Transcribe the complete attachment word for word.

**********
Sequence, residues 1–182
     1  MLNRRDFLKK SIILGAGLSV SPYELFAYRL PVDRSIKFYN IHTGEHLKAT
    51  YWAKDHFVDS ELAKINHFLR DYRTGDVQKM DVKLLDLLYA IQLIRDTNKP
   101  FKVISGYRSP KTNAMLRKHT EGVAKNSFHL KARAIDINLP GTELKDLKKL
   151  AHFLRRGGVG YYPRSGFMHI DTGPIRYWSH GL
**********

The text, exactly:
Sequence, residues 1–182
     1  MLNRRDFLKK SIILGAGLSV SPYELFAYRL PVDRSIKFYN IHTGEHLKAT
    51  YWAKDHFVDS ELAKINHFLR DYRTGDVQKM DVKLLDLLYA IQLIRDTNKP
   101  FKVISGYRSP KTNAMLRKHT EGVAKNSFHL KARAIDINLP GTELKDLKKL
   151  AHFLRRGGVG YYPRSGFMHI DTGPIRYWSH GL